IMIS | Flanders Marine Institute
 

Flanders Marine Institute

Platform for marine research

IMIS

Publications | Institutes | Persons | Datasets | Projects | Maps
[ report an error in this record ]basket (0): add | show Printer-friendly version

Contributions from glacially derived sediment to the global iron (oxyhydr)oxide cycle: implications for iron delivery to the oceans
Raiswell, R.; Tranter, M.; Benning, L.G.; Siegert, M.; De’ath, R.; Huybrechts, P.; Payne, T. (2006). Contributions from glacially derived sediment to the global iron (oxyhydr)oxide cycle: implications for iron delivery to the oceans. Geochim. Cosmochim. Acta 70(11): 2765-2780. dx.doi.org/10.1016/j.gca.2005.12.027
In: Geochimica et Cosmochimica Acta. Elsevier: Oxford,New York etc.. ISSN 0016-7037, more
Peer reviewed article  

Available in  Authors 

Authors  Top 
  • Raiswell, R.
  • Tranter, M.
  • Benning, L.G.
  • Siegert, M.
  • De’ath, R.
  • Huybrechts, P., more
  • Payne, T.

Abstract
    Estimates of glacial sediment delivery to the oceans have been derived from fluxes of meltwater runoff and iceberg calving, and their sediment loads. The combined total (2900 Tg yr-1) of the suspended sediment load in meltwaters (1400 Tg yr-1) and the sediment delivered by icebergs (1500 Tg yr-1) are within the range of earlier estimates. High-resolution microscopic observations show that suspended sediments from glacial meltwaters, supraglacial, and proglacial sediments, and sediments in basal ice, from Arctic, Alpine, and Antarctic locations all contain iron (oxyhydr)oxide nanoparticles, which are poorly crystalline, typically ~5 nm in diameter, and which occur as single grains or aggregates that may be isolated or attached to sediment grains. Nanoparticles with these characteristics are potentially bioavailable. A global model comparing the sources and sinks of iron present as (oxyhydr)oxides indicates that sediment delivered by icebergs is a significant source of iron to the open oceans, beyond the continental shelf. Iceberg delivery of sediment containing iron as (oxyhydr)oxides during the Last Glacial Maximum may have been sufficient to fertilise the increase in oceanic productivity required to drawdown atmospheric CO2 to the levels observed in ice cores.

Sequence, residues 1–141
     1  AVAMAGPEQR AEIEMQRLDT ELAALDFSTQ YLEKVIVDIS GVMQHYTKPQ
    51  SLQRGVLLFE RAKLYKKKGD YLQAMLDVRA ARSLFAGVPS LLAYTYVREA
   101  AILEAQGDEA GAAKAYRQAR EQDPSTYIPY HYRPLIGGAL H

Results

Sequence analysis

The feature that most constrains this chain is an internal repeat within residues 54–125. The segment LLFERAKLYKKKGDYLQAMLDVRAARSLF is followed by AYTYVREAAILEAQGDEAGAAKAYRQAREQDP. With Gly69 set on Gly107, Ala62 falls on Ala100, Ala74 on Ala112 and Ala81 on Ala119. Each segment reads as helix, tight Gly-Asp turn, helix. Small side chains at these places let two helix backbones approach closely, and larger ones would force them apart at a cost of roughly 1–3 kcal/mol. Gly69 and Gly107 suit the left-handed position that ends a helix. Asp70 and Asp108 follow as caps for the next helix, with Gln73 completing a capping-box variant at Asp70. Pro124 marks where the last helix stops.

All data in IMIS is subject to the VLIZ privacy policy Top | Authors